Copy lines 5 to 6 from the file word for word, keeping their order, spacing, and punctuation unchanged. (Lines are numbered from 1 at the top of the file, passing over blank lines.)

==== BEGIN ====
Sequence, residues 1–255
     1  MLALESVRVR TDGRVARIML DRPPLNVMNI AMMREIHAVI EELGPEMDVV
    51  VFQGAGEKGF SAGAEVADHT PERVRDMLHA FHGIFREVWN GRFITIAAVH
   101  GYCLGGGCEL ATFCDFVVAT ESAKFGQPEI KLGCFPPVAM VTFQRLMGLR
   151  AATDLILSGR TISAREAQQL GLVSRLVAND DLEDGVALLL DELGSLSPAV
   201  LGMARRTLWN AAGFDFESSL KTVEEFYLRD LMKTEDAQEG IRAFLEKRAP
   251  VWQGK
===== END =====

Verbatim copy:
   151  AATDLILSGR TISAREAQQL GLVSRLVAND DLEDGVALLL DELGSLSPAV
   201  LGMARRTLWN AAGFDFESSL KTVEEFYLRD LMKTEDAQEG IRAFLEKRAP